When was the last time you saw a panda? In fact, have you ever seen a real life panda…? They’re not that common after all. I know that I’ve only ever seen live pandas once in my just over four decades, and it required a very special effort to go and see them.

It’s odd therefore that we all know what pandas look like. Their status as an endangered species is so well known they are the symbol of the World Wide Fund for Nature. Their status as the conservationists’ favourite “charismatic megafauna” is secure.

I was nevertheless surprised to see that AIs love pandas too. And giraffes, and any number of other creatures that are far from common in the urban environments we encounter every day. Watching half-trained image recognition AIs identify road signs as pandas, street-lights as giraffes and traffic lights as tropical birds is amusing, but does speak to a deeper truth about these systems.

We’ve known that computers operate on a ‘garbage in, garbage out’ principle since engineers were changing blown vacuum tubes on the first programmable machines in the 1940s. It remains true for AI, but what constitutes garbage can be harder to spot.

The reason that our juvenile AI described above thinks it is in a jungle rather than on the Swindon bypass is due to the training data it has been fed. There are several of large general image libraries that researchers tend to use when training image recognition AIs. And you can now even download fully trained AIs to incorporate wholesale into your projects. The trouble is that these libraries, and the AIs trained using them, have been constructed by humans, and our own biases toward coverage of a wide array of subjects (we want as many ‘nouns’ to be returned as possible), and aesthetically pleasing images are the problem. Consequently the image sets disproportionately contain objects that we rarely encounter (bright copper kettles, warm woollen mittens, and schnitzel with noodles), and tend to be woefully under-representative of the more mundane items that make up that majority of our experience (offices, coffee cups and dry-cleaners) or relevant experience for the AI’s particular situation (roundabouts, pedestrian crossings and unspeakable so-and-sos who change lanes without indicating, in the case of a self-driving vehicle).

Watching half-trained image recognition AIs identify road signs as pandas, street-lights as giraffes and traffic lights as tropical birds is amusing, but does speak to a deeper truth about these systems.

Whilst we can immediately see that a sign pointing towards the industrial estate is clearly not a large bamboo-obsessed bear from China, spotting training-data induced errors is more insidious in other contexts.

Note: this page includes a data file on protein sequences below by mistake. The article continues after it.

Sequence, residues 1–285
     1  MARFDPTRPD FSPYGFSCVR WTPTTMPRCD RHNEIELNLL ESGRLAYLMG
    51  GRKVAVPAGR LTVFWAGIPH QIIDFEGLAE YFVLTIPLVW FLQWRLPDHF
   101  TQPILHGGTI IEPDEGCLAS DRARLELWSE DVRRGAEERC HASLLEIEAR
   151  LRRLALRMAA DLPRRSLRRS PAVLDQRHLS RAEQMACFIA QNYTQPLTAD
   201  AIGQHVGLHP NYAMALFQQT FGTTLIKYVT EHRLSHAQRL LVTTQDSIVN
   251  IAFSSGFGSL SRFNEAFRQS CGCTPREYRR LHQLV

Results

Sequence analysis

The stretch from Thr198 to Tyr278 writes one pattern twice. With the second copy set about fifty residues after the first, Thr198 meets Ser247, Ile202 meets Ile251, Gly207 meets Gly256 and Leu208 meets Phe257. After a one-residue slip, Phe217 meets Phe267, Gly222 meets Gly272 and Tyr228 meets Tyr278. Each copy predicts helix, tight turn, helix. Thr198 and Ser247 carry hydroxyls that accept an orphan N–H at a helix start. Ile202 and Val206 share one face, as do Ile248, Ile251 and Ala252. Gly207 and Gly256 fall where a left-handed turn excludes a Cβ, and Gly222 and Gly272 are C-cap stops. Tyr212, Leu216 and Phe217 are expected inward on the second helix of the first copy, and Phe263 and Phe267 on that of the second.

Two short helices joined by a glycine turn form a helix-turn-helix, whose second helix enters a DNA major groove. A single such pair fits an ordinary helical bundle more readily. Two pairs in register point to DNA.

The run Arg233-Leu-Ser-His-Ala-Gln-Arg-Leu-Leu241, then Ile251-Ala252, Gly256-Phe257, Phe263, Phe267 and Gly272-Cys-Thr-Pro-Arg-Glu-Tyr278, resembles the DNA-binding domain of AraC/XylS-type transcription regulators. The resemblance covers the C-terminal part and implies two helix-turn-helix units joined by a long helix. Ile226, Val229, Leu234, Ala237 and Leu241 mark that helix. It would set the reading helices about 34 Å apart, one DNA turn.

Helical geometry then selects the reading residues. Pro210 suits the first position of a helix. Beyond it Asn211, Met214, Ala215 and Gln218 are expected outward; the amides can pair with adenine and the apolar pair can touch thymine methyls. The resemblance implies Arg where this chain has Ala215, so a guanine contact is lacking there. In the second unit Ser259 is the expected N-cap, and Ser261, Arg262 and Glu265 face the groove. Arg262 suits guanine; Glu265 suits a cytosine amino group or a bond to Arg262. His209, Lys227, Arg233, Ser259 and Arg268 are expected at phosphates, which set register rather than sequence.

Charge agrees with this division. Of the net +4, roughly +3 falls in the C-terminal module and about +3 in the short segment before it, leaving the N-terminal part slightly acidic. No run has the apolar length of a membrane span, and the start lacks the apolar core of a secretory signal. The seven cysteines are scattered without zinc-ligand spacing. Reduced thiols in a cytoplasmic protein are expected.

An AI deployed in a business processing context, replicating work flows previously undertaken manually, will often be trained using data and decisions / responses from the tasks undertaken by manual operators. That data will, by design, reflect the way that the process has been carried out. But if not sifted carefully, it will also include all the lazy shortcuts, incorrect assumptions and ‘Friday afternoon’ behaviours that ideally would not form part of the future best-of-breed automated processing. On the other hand, sifting too carefully will also negatively impact the training of the AI. The tendency to want to include every edge case and weird issue ever encountered in the workflow pushes the training data away from being representative of the input that the system will receive in live use. As a result the system learns to identify everything as an edge-case of some form, with a resulting impact on efficiency and accuracy. In effect you’ve trained the system with too many pandas and not enough road signs.

Exactly the same is true with other kinds of bias. We’ve seen examples where too many edge cases in the training data happened to have as the subject of the work flow an individual from a particular ethnic group. The two factors (ethnicity of the subject and the nature of the edge-case problem) were unlinked, but the machine wrongly learned to see them as correlated. Any training data where issues disproportionately coincide with protected characteristics and your AI will see a false correlation and train itself to be discriminatory in a morally and legally problematic way.

The EU’s recent report ‘Ethics guidelines for trustworthy AI’ has strongly emphasised the need for AI systems to be built to avoid discrimination, promote diversity and further societal well-being. The Correct choice of training data, which are truly representative of the AI’s operating environment without reflecting incorrect biases or providing false correlations, will be a big part of achieving these aims.

Therefore incredible care needs to be taken in identifying training data. For self-driving vehicles, efforts are well underway (why do you think every ‘prove you’re not a robot’ test you see on the web these days is asking you to identify cars or road signs). If deploying AI in business processing contexts relatively few third party data sources are available. Training systems with historic data remains a common approach, but there are still big bear traps to avoid… and they’re chock full of pandas.

For more on AI, machine learning, deep neural networks and the legal and regulatory issues that touch upon them, come along to DLA Piper’s European Tech Summit in London on 15th October. More details here.